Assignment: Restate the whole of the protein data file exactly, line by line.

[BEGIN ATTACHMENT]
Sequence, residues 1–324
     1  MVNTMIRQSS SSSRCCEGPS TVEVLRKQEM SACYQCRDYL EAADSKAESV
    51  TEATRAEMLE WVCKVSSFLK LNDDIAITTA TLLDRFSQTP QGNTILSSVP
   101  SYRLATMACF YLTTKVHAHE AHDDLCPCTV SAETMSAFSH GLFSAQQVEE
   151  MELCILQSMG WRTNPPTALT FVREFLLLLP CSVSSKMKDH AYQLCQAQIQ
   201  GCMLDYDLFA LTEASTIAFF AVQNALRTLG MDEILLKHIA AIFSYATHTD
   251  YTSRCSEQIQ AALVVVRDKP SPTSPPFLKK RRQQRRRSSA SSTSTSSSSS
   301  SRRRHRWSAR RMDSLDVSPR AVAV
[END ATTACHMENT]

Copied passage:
Sequence, residues 1–324
     1  MVNTMIRQSS SSSRCCEGPS TVEVLRKQEM SACYQCRDYL EAADSKAESV
    51  TEATRAEMLE WVCKVSSFLK LNDDIAITTA TLLDRFSQTP QGNTILSSVP
   101  SYRLATMACF YLTTKVHAHE AHDDLCPCTV SAETMSAFSH GLFSAQQVEE
   151  MELCILQSMG WRTNPPTALT FVREFLLLLP CSVSSKMKDH AYQLCQAQIQ
   201  GCMLDYDLFA LTEASTIAFF AVQNALRTLG MDEILLKHIA AIFSYATHTD
   251  YTSRCSEQIQ AALVVVRDKP SPTSPPFLKK RRQQRRRSSA SSTSTSSSSS
   301  SRRRHRWSAR RMDSLDVSPR AVAV